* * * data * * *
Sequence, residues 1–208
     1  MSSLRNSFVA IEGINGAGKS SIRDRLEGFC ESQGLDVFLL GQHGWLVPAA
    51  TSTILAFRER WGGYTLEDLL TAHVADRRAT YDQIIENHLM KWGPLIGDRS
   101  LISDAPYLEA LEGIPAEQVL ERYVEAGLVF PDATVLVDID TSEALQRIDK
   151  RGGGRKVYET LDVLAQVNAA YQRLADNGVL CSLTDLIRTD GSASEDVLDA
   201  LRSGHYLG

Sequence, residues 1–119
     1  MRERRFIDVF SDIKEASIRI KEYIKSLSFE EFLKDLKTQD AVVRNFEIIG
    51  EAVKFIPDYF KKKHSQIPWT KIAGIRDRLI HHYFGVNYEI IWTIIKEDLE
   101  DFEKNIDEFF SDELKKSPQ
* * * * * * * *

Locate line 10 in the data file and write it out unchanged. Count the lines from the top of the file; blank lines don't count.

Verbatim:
   101  DFEKNIDEFF SDELKKSPQ